Wipeout 3 Review


Wipeout 3
Developer: Activision
Publisher: Activision
Platform: Nintendo Wii U
Release Date: November 18, 2012
Price: $49.99 – BUY NOW

Wipeout has proved to be a successful franchise for ABC, as the series’ has maintained high ratings from viewers who want to see standard citizens destroy themselves in what is proclaimed to be “the world’s largest obstacle course”. Seeing the success of the brand, Activision have already produced a handful of Wipeout video game adaptations, with Wipeout 3 being their latest release. Sure it’s a dreaded licensed title, but the Wii U has enough behind it to make any developer innovate if need be, so as I sat looking at it’s name among the solid launch line-up, I thought to myself -“Why not?” Does Wipeout 3 attempt to prove itself on the new platform, or is this game yet another attempt to make a few bucks off a big name? Let’s find out.

As you would have guessed, there is no plot in Wipeout’s third entry – as this is an adaptation of a game show. The main offering let’s players compete in a one man obstacle courses with a wide array of characters to choose from, attempting to finish each segment until an episode is complete. These episodes consist of your basic formula from the show, where the contestant must complete each course in a set number of time without getting knocked off the course by one of the crazy contraptions. Each character have a small advantage to themselves such as speed and strength, which both come in handy for surviving throughout the obstacle course at play.

Most obstacle courses feature a specific theme (such as summer or winter), and normally come with the objective of “don’t fall off”. While obstacles like giant sweeper arms, tilting platforms, and balls pelt the player, they must keep it steady and try to run and jump their way through a course without falling off into the water. Yes, it’s quite chaotic, and the action is a blast to watch. That’s is the biggest problem with Wipeout 3 however, as it is more fun to watch, than actually play.

Oddly enough, the problem with Wipeout 3’s gameplay does not lie in it’s controls. The player simply holds the analog up while running, and then must jump or dodge out of the way of incoming obstacles as they approach. It’s a very simple scheme that can be accessed by all – but one that makes the entire experience so easy that it becomes a bore to play. Wipeout 3 doesn’t let you move from side to side or even steer off course on purpose. No matter what direction you want to move, the only choice is forward, leaving the player only responsible for maintaining speed and jumping at the right time. Now, I understand younger fans of the show and families (aka the casual market) will be the main parties interested in this type of game, but the low difficulty makes for lifeless action. This is amplified by the fact that if you fall off three times during a segment, your character will move on to the next area – with very little penalty for doing so.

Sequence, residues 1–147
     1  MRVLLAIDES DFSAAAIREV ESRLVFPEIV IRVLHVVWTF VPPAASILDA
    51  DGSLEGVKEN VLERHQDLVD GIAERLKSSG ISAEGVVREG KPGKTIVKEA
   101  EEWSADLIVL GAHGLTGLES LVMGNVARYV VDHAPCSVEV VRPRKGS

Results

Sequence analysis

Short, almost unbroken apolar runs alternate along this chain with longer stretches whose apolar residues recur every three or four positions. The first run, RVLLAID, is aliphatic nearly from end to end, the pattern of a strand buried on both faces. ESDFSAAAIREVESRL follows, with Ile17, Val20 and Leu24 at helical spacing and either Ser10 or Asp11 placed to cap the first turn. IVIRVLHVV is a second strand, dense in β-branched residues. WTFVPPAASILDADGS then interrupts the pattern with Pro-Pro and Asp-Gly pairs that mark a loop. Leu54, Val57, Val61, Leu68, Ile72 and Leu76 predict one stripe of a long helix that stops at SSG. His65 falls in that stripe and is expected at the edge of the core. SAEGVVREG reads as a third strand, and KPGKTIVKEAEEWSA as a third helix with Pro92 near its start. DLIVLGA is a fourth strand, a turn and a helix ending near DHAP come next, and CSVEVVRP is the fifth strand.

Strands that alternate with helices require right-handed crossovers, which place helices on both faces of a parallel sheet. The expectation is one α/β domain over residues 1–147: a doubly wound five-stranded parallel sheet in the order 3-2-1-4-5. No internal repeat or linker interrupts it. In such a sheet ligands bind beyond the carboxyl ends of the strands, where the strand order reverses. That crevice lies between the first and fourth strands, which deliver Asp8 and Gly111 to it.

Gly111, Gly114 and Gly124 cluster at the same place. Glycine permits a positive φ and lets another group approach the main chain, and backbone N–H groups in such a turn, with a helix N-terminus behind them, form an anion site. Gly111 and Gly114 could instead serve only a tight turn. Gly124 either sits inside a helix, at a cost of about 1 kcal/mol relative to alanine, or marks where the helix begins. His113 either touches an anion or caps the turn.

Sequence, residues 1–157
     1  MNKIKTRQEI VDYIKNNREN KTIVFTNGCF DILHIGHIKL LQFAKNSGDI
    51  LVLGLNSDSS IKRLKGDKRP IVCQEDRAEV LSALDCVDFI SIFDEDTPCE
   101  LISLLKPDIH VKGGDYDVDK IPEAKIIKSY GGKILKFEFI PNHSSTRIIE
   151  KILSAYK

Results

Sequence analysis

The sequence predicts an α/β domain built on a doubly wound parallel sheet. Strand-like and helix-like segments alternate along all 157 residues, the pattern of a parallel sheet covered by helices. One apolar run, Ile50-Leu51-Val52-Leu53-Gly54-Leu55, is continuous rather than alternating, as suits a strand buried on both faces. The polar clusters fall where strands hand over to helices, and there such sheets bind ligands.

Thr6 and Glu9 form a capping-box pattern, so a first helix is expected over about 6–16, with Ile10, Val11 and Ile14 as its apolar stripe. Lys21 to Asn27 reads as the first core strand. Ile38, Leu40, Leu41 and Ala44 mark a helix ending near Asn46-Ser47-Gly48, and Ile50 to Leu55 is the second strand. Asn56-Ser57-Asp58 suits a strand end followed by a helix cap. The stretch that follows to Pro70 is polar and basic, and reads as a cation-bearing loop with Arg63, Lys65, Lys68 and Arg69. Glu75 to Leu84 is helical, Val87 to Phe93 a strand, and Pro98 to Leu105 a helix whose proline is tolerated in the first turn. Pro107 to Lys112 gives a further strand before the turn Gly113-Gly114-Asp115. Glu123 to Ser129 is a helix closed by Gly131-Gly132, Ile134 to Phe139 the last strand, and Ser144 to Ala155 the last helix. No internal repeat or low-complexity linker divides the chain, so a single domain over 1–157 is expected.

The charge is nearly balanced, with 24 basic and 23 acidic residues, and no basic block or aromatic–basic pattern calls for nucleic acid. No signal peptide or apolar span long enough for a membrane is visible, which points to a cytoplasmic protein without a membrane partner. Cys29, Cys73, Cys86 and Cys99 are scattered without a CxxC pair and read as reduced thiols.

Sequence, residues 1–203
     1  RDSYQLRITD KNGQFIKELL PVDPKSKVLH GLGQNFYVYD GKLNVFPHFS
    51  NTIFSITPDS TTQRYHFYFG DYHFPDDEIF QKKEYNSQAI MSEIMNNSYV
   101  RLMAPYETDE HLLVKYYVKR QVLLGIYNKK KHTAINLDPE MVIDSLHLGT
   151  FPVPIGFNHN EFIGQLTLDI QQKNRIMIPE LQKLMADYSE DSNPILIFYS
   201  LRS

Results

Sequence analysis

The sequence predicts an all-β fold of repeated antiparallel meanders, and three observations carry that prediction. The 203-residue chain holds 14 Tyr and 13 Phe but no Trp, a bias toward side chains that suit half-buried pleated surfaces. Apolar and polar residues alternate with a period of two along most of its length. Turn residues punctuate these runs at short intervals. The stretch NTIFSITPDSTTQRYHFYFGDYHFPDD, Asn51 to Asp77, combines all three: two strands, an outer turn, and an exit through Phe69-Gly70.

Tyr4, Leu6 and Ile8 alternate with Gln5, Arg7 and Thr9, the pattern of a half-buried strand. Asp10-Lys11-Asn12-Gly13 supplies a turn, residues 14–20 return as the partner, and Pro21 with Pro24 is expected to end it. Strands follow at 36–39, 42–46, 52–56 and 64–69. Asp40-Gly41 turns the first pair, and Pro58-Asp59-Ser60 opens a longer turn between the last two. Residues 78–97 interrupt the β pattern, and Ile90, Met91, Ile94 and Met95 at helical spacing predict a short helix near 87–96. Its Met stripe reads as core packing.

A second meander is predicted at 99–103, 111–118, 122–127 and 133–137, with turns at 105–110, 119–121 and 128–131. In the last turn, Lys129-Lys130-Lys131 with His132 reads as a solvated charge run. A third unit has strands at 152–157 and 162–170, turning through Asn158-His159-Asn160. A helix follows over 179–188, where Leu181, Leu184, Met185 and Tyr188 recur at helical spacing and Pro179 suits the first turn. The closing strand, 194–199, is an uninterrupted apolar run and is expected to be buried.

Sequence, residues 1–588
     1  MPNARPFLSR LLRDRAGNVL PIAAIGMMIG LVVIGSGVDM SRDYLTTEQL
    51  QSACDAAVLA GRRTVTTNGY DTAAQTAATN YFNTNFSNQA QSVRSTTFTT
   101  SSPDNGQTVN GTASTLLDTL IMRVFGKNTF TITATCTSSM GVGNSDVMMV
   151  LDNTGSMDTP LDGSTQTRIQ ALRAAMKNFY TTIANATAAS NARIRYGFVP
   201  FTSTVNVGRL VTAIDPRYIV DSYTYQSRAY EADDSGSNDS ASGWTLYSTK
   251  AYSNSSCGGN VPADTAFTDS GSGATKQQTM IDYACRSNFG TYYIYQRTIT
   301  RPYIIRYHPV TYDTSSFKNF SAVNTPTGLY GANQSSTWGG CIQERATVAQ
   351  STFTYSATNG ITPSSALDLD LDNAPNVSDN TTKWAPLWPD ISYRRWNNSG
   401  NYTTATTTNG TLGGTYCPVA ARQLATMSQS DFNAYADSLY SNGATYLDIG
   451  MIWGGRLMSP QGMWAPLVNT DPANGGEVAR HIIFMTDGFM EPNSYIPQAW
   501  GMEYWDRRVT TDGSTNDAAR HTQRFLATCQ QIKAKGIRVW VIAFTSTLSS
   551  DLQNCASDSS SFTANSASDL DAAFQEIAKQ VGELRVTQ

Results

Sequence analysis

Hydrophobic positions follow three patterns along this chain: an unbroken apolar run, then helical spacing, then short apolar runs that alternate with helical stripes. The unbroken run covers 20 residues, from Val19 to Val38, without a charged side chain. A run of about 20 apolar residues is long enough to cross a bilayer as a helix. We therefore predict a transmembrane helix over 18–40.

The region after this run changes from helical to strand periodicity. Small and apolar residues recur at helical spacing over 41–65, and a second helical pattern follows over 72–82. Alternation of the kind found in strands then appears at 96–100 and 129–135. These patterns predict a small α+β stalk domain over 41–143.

On a more positive note, the multiplayer has a bit more to offer with Trap Attack. Trap Attack acts as it sounds, and has one player utilize the Gamepad to take control of one course’s traps while up to four other players use WiiMotes to navigate safely. Sure, it’s not deep by any means, but it’s a nice distraction from the main game due to the hectic nature of it all. Like most Wii U titles thus far, a detached mode is also offered, letting the player use the Gamepad, rather than the television to play the game in it’s entirety. A split screen (or side-by-side) multiplayer mode is also available, but suffers from the same ultra simple gameplay mechanics that hold the single player game back greatly. Wipeout games have never been too complex, but I would have loved to have seen just a little more Gamepad utilization. There are small features – like letting an extra player pelt water balloons and snowballs at the main participant, but that only goes so far in terms of entertainment.

Visuals and Audio
I know this might sound crazy – especially considering this is a licensed game, but Wipeout 3 is simply gorgeous in terms of visuals. Every player model is just as smooth and colorful as the mad obstacle courses these episodes take place on, and the variety of devices easily make you want to progress – even with the stale gameplay. All of the unlockable characters have their own little quirky charm as well, from the likes of a fairy godmother to a stickman – and that variety is the main reason most will want to complete the game and unlock all of the goofy hats and attires that are included as extras.

The sound is also superb, with both hosts John Henson and Josh Anderson calling the shots as the player runs through each course, adding a bit of life to the experience in the process. Each playable character has their own unique voicework as well, with quick one-liners that are delivered as they crash and burn or pass a tough obstacle. After a while, these “jokes” can become a bit tiring to hear, but the effort for satire is there that alone puts this title above it’s shovelware appearance, making for a title that fans of the show should at least enjoy viewing if they grow bored of the lack of challenge.

Wipeout 3 is a hard game to review – as it’s not really aimed towards the gaming market. This title is one made for families that tune in to see Vanessa Lachey and company lead unsuspecting families into a chaotic and wild obstacle course each week, and doesn’t really try to attract anyone else. Yes, the presentation is surprisingly pleasant – but after just a short time, players looking for an extra challenge are sure to grow bored of the linear stylings here and look for something more elsewhere. Wipeout 3 never tries to be anything more than a licensed video game and in the end – it succeeds it reveling in it’s own lack of ambition.


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